Wayland: smith of the gods

Research output: Contribution to ConferencePaper

Abstract

This paper considers the origins of the legend of Wayland, the Anglo-Saxon mythological smith. The origins of the Wayland legend come from Scandinavia but have roots in classic literature. Almost all literary references to Wayland have been lost and it is believed that a feast day dedicated to Wayland has been Christianised; however, it is possible to trace his legend through some lines of poetry and through objects such as the Franks Casket. A Neolithic burial site in Berkshire was appropriated as the place where travellers would leave their horses to be shod by the supernatural smith
Original languageEnglish
Publication statusPublished - 1 Jun 2012
Event6th Nordic-Celtic-Baltic Folklore Symposium: "Supernatural Places" - University of Tartu, Estonia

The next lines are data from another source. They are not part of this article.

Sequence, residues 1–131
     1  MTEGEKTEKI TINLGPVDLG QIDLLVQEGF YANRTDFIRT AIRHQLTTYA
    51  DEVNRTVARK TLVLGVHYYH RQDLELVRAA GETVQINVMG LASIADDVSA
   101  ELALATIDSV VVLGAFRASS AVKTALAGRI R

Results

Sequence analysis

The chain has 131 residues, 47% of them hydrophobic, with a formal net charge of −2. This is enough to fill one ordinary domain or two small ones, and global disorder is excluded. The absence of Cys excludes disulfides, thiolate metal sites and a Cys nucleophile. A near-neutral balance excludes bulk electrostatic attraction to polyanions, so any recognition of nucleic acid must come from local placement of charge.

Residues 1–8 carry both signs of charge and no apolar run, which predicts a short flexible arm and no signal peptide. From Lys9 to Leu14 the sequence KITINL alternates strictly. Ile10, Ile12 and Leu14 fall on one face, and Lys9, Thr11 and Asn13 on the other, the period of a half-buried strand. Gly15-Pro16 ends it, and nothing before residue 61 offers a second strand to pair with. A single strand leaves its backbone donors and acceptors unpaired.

Duration: 1 Jun 2012 → …

Conference

Conference6th Nordic-Celtic-Baltic Folklore Symposium: "Supernatural Places"
Period1/06/12 → …

Keywords

  • Wayland
  • Weland
  • Volundr
  • Wayland's Smithy
  • Franks Casket
  • St Clement
  • Clemming
  • White Horse
  • mythology
  • Folklore
  • Deor
  • Volundarkviða

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  • Cite this

    Mackley, J. S. (2012). Wayland: smith of the gods. Paper presented at 6th Nordic-Celtic-Baltic Folklore Symposium: "Supernatural Places", .